I like reading on a boat, I like reading with a goat
Published 12:00 am Thursday, March 13, 2008
All across the country this month, schools have been celebrating the birthday of Theodor Geisel, aks Dr. Seuss, who was born on March 2, 1904. Although he died in 1991, Dr. Seuss’ vivid illustrations and whimsical rhymes have made him a mainstay of children’s literature. His influence has been seen increasingly in films as well. Horton Hears a Who, based on the Seuss book of the same name, is in theaters now.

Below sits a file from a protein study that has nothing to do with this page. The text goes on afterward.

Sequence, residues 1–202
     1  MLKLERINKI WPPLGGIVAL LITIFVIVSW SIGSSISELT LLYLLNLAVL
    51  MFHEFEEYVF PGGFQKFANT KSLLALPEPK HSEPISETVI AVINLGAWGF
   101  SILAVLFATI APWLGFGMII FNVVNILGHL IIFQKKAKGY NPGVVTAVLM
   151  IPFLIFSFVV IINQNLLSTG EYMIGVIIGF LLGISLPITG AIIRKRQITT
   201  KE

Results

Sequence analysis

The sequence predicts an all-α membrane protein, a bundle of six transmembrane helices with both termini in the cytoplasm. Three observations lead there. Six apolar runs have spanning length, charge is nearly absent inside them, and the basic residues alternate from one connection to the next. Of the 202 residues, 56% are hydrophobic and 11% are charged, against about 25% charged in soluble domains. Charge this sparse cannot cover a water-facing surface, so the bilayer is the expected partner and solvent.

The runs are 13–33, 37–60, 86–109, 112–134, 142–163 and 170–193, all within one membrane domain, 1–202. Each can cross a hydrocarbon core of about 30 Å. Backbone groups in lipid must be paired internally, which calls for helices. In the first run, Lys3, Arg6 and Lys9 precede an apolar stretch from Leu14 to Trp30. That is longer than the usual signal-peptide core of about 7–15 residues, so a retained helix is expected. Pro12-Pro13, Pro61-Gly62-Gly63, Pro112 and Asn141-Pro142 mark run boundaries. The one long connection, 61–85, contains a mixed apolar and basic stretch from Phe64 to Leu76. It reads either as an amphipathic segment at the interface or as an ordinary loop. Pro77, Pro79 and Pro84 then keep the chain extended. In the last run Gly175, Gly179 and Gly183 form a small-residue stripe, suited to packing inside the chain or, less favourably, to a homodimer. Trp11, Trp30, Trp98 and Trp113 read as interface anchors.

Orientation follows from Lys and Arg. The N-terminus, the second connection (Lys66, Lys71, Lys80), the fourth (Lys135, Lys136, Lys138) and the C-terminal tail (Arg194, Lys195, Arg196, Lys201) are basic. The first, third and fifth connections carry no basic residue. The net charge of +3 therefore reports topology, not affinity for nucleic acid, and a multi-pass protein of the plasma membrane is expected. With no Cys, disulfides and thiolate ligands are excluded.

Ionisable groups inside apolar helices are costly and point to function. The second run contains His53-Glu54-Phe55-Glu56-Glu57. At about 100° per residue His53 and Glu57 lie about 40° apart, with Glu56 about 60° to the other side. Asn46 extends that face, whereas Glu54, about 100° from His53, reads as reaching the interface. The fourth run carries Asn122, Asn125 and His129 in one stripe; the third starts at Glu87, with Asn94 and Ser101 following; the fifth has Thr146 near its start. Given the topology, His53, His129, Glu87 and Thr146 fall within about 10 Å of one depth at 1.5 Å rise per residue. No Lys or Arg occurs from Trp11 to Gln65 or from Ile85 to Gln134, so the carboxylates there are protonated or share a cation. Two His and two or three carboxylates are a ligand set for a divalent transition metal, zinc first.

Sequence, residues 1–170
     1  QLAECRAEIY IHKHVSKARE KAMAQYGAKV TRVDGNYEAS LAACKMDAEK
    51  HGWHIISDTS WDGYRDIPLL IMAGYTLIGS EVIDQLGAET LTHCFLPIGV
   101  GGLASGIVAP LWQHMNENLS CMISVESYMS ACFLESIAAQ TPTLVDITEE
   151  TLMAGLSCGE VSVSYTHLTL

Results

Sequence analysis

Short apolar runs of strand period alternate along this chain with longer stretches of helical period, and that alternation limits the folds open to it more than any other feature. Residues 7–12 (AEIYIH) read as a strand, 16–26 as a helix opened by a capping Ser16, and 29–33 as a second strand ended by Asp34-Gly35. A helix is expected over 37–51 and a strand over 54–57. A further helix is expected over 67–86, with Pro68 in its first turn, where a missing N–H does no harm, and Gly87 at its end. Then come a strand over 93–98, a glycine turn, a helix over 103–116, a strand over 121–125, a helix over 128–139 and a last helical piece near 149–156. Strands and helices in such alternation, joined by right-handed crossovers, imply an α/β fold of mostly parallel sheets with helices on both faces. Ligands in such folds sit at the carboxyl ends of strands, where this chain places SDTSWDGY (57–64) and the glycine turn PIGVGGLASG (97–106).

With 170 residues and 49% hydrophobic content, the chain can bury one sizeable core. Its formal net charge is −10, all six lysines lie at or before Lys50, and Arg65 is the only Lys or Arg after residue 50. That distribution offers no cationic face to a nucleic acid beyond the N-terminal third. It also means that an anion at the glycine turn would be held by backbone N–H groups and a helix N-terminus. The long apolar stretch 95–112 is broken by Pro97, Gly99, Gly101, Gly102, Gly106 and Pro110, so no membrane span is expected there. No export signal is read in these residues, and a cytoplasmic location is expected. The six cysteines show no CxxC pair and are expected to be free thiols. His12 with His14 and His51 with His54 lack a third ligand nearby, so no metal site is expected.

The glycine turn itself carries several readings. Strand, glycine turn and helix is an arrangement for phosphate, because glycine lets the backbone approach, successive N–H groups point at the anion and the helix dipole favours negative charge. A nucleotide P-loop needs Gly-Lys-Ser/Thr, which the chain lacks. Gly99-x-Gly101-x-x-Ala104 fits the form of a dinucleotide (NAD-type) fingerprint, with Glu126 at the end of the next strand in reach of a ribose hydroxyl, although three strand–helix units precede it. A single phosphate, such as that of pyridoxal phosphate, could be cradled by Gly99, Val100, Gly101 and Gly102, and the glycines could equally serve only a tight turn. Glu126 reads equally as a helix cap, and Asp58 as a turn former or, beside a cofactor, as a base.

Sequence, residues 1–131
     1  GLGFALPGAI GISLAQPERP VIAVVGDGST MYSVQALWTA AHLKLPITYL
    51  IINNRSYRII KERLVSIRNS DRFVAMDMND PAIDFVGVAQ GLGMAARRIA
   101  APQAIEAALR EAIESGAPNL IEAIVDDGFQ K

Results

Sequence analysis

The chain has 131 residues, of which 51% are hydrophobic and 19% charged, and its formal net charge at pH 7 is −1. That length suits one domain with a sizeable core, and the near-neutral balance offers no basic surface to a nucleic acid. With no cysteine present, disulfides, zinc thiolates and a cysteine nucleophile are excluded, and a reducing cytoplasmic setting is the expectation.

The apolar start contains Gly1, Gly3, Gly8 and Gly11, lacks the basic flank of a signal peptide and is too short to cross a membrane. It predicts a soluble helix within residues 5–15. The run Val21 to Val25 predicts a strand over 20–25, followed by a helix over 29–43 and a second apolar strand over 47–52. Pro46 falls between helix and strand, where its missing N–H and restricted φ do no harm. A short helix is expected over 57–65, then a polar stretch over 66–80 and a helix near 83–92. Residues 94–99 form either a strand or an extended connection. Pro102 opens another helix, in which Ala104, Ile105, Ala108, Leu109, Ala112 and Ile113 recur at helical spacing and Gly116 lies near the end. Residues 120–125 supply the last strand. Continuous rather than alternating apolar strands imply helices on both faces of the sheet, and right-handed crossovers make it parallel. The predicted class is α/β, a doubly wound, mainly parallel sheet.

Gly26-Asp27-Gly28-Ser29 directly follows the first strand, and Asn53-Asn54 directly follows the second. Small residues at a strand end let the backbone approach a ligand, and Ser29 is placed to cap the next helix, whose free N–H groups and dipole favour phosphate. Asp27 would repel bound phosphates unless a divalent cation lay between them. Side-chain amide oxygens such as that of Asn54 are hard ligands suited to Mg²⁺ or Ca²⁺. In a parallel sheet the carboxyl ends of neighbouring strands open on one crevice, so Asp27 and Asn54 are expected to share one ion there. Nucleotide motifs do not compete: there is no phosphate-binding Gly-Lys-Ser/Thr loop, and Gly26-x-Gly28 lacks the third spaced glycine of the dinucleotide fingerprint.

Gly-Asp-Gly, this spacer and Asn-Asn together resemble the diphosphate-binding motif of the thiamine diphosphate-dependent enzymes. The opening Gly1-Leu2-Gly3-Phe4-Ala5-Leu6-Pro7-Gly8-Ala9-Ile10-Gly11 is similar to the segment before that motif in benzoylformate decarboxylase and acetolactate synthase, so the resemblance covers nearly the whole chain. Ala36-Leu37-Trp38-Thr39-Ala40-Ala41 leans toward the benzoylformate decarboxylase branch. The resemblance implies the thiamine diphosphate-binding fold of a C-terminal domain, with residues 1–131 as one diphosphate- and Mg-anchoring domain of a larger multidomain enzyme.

Dr. Seuss’ first book was And To Think That I Saw It On Mulberry Street, but it was The Cat in the Hat that came to define his career. The book was the result of an endeavor to create a chilren’s book using only 225 beginning reader words. To this day, the tall, red-and-white-striped hat worn by the title charater is synonomous with the author.
Dr. Seuss wrote and illustrated 44 chilren’s books including Green Eggs and Ham, How the Grinch Stole Christmas and perennial graduation favorite Oh, the Places You’ll Go.